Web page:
Meet Dylan from St Augustine’s in Maryborough. He and his team have just finished 10th overall in the Pushcart class out of 39 teams at the 2018 Energy Breakthrough. Dylan has Down syndrome, but that hasn’t stopped him or his team participating or celebrating. This International Day of People with Disability on 3 December, we want to bring into focus stories like Dylan’s, but also the many young people with a disability who participate in our event.


We’d had a number of emails prior to the event between our EB team and the St Augustine’s PS Team Manager, Kyra Wood. As Dylan and his teammates were preparing for the event, Kyra wanted to ensure everyone was confident that they could participate safely and enjoy themselves.

Ruby was paired in the pushcart events with Dylan. Dylan was really nervous before the start of the Endurance event – he wasn’t sure how he was going to go and Ruby later admitted she was a little anxious, too. Normally, the driver and the pusher switch over, but in this case, Dylan would ‘drive’ both legs of the relay (I’m sure he didn’t mind). But as Ruby’s mum, Melissa, told us later, there was no need for either of the kids to worry:

“The race starter from the Energy Breakthrough, Rob, was just so wonderful. He gave Dylan high-fives at the start and the end of his event, and put everyone at ease. Ruby loved it and so did Dylan. The look on Dylan’s face says it all!”

Later that day, Dylan was an active and valued member of the team’s Display & Presentation and competed in the pushcart sprint event on Saturday, too. He and his team finished 10th overall in the Pushcart class out of 39 teams at the 2018 Energy Breakthrough. Well done Dylan and the ‘Super Saints’!

We actually celebrate people with a disability by … letting them blend in.

We actually celebrate people with a disability by … letting them blend in. We don’t believe that is a “cop-out.”
It’s what teachers and team managers from many specialist schools – along with parents of children with a disability – have told us over the years. One thing they love about the Energy Breakthrough is that everyone can participate and compete alongside each other. There are no special categories or events for people with a disability.

See our earlier story about Ballarat Specialist School as an example of this.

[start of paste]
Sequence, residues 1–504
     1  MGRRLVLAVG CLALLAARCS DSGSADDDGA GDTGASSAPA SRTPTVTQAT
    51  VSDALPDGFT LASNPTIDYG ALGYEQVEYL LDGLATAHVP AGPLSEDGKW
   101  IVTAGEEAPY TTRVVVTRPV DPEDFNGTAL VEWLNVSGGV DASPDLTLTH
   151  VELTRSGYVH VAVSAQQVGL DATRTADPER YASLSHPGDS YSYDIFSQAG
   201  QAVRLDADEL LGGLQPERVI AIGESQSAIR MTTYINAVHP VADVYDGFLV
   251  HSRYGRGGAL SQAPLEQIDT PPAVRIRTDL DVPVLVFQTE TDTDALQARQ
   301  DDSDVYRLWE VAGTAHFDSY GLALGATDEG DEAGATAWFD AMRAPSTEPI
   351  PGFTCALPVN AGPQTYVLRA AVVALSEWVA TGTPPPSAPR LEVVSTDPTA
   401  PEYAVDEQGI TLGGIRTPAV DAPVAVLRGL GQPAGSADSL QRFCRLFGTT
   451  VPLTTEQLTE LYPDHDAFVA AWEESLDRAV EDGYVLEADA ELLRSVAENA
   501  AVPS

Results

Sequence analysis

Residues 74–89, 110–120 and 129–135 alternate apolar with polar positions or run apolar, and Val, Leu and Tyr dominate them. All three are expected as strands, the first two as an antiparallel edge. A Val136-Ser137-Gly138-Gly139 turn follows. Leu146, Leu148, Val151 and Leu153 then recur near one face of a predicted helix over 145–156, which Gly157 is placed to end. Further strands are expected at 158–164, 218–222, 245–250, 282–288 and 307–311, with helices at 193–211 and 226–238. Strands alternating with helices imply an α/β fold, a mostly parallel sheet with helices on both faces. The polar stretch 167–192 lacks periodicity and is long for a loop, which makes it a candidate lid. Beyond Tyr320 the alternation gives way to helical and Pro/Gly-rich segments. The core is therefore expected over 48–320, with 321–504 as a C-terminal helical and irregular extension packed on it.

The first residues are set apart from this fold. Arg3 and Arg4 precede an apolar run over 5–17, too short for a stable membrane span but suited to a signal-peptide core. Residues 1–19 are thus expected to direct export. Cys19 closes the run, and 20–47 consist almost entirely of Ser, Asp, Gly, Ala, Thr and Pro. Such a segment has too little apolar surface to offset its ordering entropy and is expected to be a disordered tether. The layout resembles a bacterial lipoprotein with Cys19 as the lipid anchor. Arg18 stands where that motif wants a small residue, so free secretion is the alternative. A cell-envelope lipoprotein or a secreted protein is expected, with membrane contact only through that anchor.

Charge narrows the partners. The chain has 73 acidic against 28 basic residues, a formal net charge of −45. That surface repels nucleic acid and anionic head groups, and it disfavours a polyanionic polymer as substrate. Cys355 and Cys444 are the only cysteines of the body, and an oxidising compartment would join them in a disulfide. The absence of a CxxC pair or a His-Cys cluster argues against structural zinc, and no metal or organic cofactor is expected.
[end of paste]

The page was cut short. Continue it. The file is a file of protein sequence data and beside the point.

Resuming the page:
Yes, sometimes students are accommodated with some special parameters – such as Ruby doing a ‘double-stint’ of running with Dylan or a team may be given the ‘first pit’ in a pit lane so it is easier for their kids to find their pit spot in one of our HPV events – but generally they are able to compete alongside everyone else.

Mary Preston coordinates the TRYathlon event and with its short relays and 8-hour endurance, it has proven an excellent way for young people with a disability to participate.

I have six teams from Specialist schools in the TRYathlon and all of the other teams are very encouraging.” 

One memorable moment came from Maryborough Education Centre – Specialist School this year in the Obstacle event.” Mary shared. “Most other teams took 10 minutes for their eight riders to complete the course, while MEC took 18 minutes. All of the others teams were clapping, cheering and making plenty of noise on the barriers when they are finishing – the MEC kids loved it!”

Mary also received a thank you card from one teacher at a Special School who has been coming for ten years. He thanked us for our patience and encouragement to have their kids involved.

Looking ahead

This year, the theme of International Day of People with Disability is ’empowered persons with disability and ensuring inclusiveness and equality’. We believe we have made some solid steps in the right direction empowering and ensuring inclusiveness.

We want this to continue! If you have young people with disability at your school, please DO think about how you can include them in future editions of the Energy Breakthrough. If you are unsure or have any questions, please contact us.

We want to see more smiles like Dylan’s and ensure that ALL young people have a chance to learn, grow and be powered by imagination.

Editor’s Note: We received permission to share Dylan’s story from his family. Thank you.